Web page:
E: She didn't want you to bother her when she was fishing?

B: She's afraid I'd fall in the river.

E: But you didn't dry your fish; you could catch fresh fish, couldn't
you?

B: Um, huh. And she'd set hooks late in the evenings like this.
She goes back early the next morning and there'd be fish on the
hooks, you see. But the water'd be low--just a little bit of
water'd be down there, tail'd be flappin in the water. The
river goes down at night.

E: You had plenty of good fish to eat?

B: Yeah.

E: What are some of the other good things you had to eat when you
were living down there?

B: Well, I don't remember. I know we had enough vegetables and things.

E: What about medicines? Did you ever use any of Chief Blue's medi-
cines, or did you use other kinds of medicines?

B: Ed had been sick, and used medicine. I can make cough syrup out
of herbs now. I make cough syrup.

E: You do?

B: For some of the children. I take catnip and some wild cherry bark,
and you skin it down (don't skin it up) and mint and some pine

















needles, and cook all of that.together. I put a aspirin in it
and some sody, and cook it. And then I strain it through the
strainer into another vessel, and then I put my sugar in it till
it come to a syrup. And it tastes...it's good.

E: It sounds like it would taste pretty good. The children like the
taste?

B: Yeah.

E: Well, now you have some grandchildren that you like to nurse up
with that cough syrup?

B: My little granddaughter stayed here, great-granddaughter, and
she was sick burnin' up with fever, and I went and made her some
mint and catnip and put a aspirin in it. She was sick, and I
fixed that for her and give it to her, and she got better.

E: Well, that's wonderful. Do you have any trouble finding those
things close by here?

B: No, they're all around my house.

E: Well, that's good. What did you used to put on when a child
would stump their toe or get hurt? Did you have any salve or
anything you could mix for that?

B: Well, they make salve, too, but I never have made any. You can
make out of onions. You cook a onion and get the juice and get
you some Mentholatum or something, and mix it in with it, and
try to cook it down. You can grease with it for a cold, too.

E: Yes.

B: See, it'll open ya up.

E: There used to be deer up and down this river. You haven't seen
any deer for a long time, have you?

B: No, I haven't.

E: You don't see many birds around here, do you?

B: No, you don't see too many birds now like you used to.

E: Over across the river there's a big owl. Do you ever hear those
owls at night?

















B: Yeah, you hear them yet, late in the evening's. I ain't heard
none right lately, but now when spring begin to come, you'll
hear 'em, just down yonder branch, big ones, and way over 'cross
that way they'll be just big hootin' owls.

E: I haven't heard any of those hooting owls in a long time.

B: 'Bout this time in the evening they'll start to hoot when it
gets warmer. I guess matin', you know, fixin' to mate.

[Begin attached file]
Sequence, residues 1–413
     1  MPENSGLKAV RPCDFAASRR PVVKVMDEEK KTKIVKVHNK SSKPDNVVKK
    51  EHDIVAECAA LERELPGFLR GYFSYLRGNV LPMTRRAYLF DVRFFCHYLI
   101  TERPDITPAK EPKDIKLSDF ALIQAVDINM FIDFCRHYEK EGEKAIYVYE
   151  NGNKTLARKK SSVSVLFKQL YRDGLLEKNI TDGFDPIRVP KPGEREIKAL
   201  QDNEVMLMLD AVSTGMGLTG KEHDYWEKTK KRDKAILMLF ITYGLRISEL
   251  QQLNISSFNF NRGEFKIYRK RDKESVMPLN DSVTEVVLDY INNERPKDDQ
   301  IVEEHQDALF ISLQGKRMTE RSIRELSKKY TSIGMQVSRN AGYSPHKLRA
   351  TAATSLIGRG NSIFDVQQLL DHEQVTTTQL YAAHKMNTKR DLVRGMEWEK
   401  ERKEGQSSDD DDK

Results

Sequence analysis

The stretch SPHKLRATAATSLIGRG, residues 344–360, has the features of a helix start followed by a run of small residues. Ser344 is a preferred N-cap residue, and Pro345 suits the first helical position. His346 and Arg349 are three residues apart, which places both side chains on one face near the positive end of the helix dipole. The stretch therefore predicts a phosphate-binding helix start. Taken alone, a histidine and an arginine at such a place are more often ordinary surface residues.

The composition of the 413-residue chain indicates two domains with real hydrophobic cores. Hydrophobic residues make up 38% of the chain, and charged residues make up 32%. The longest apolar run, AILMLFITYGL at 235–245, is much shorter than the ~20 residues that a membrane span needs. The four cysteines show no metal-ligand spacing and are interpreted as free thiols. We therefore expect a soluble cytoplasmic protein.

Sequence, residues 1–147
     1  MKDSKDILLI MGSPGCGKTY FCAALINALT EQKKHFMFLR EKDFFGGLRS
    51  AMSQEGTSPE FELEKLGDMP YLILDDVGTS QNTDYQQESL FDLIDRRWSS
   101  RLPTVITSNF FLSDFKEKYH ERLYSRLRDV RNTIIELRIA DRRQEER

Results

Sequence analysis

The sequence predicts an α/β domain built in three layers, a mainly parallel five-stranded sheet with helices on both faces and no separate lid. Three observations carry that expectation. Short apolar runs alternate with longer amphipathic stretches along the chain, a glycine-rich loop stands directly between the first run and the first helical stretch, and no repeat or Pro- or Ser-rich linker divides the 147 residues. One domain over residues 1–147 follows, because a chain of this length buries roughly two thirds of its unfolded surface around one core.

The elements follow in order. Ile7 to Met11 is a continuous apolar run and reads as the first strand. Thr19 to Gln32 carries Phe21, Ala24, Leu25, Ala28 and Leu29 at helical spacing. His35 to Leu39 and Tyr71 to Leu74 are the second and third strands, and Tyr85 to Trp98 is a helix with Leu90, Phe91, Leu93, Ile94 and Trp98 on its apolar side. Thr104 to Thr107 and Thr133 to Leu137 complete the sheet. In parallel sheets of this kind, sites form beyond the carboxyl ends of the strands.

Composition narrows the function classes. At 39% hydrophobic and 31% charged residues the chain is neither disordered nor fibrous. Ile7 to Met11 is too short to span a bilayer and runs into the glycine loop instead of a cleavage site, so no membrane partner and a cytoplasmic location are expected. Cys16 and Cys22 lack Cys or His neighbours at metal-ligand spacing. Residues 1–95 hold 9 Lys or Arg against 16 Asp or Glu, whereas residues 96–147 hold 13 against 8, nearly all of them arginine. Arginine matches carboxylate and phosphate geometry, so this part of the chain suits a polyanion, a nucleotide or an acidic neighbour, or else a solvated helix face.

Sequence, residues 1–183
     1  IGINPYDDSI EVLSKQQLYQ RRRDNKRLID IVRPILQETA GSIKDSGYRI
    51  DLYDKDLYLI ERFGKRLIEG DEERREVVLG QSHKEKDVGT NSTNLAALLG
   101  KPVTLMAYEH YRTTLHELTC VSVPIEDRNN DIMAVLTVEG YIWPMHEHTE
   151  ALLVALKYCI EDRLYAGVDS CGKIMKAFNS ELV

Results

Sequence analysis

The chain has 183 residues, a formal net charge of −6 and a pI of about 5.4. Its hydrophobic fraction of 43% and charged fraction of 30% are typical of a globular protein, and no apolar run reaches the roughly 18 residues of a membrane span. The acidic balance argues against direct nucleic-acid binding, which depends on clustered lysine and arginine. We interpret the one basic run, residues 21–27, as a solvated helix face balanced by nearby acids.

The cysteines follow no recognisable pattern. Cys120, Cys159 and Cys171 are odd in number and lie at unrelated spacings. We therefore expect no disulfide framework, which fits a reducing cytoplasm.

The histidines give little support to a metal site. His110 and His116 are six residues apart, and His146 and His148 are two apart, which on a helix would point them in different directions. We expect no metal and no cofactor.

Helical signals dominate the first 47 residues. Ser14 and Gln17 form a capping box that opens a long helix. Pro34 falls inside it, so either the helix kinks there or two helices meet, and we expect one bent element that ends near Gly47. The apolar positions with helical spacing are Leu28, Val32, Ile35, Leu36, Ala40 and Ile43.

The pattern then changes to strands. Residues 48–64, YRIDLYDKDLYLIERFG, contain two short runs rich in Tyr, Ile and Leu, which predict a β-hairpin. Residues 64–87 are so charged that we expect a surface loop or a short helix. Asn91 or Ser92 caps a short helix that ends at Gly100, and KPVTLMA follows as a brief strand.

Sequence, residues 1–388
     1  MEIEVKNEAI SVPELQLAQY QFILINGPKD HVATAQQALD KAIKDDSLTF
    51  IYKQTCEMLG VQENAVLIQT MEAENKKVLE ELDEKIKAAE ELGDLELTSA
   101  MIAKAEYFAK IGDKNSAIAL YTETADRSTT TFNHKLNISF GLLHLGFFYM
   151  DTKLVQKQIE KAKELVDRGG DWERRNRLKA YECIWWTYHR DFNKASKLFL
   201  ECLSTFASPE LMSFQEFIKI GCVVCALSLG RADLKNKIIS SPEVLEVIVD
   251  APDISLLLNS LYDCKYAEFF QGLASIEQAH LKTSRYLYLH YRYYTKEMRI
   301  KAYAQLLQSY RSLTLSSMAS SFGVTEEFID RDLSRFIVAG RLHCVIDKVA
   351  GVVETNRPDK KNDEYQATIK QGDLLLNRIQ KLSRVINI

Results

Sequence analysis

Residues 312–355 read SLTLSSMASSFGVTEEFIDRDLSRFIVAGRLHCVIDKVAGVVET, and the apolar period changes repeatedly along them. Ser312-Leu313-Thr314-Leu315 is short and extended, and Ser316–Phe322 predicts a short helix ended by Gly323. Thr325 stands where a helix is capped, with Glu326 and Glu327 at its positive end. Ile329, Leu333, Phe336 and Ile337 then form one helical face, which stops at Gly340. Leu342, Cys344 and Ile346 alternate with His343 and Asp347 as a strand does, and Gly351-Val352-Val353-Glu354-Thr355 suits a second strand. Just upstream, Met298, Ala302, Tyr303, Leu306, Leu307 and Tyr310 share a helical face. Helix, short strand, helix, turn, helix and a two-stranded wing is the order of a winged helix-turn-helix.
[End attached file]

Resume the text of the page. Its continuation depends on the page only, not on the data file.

E: When you were a little girl did you ever hear any stories about
the wild Indians?

B: No, I never heard any famous stories. Maybe if they told 'em,
I didn't listen to 'em.

E: Well, I don't blame you. There's lots of stories, you know,
like that--opening your umbrella in the house; you don't want
to open an umbrella in the house.

B: Yeah, I remember. Said, "Don't open a umbrella in the house,
it's bad luck."

E: That's right.

B: And a black cat crossing the road is bad luck.

E: I think we all have ideas like that.

B: Yeah.

E: Think about goin' to church. I'm sure you went to the Mormon
church didn't you? You and your husband?

B: Yeah.

E: And took your children along with you?

B: Yeah, I took my children with me, night and day. Winter some-
times, if it was real cold, I carried my baby, and the other
little ones walked.

E: How far would it be for you to walk from your home to the church?

B: Oh, it wouldn't been too far. I just walked right across over
there.

















E: That was their white stucco Mormon church, right?

B: Yes.

E: It was quite a landmark.

B: Um, uh.

E: Now, was it warm when you get inside the church?

B: Yes. It was warm.

E: Were you sorry when they tore that church down, and built up
on that hill near the schoolhouse?

B: Yeah, 'cause we could walk over there, you see. It's just a
mile from here to this church now.

E: Your children then went to school at the Catawba Indian School
on the reservation, didn't they? For awhile?

B: Um, huh.

E: And then where did they go to school?

B: Then they went to Rock Hill to high school.

E: Since you went to Carlisle to get an education, did any of your
children finish from high school? They all went to high school
then, didn't they?

B: Um, huh. One of 'em, my daughter that's in New Mexico, she went
to high school to the tenth grade.

E: Well, good. Now, where are your children working?

B: My daughter lives in town. She's working' for...oh, I can't think...
she's been working for 'em about sixteen years in Mathews, the lady
make curtains. My son lives in town. He's not...they're disabled,
they can't work. My son up there did work in the mill, but he ain't
worked in eight years. That kind of crippling disease...he gets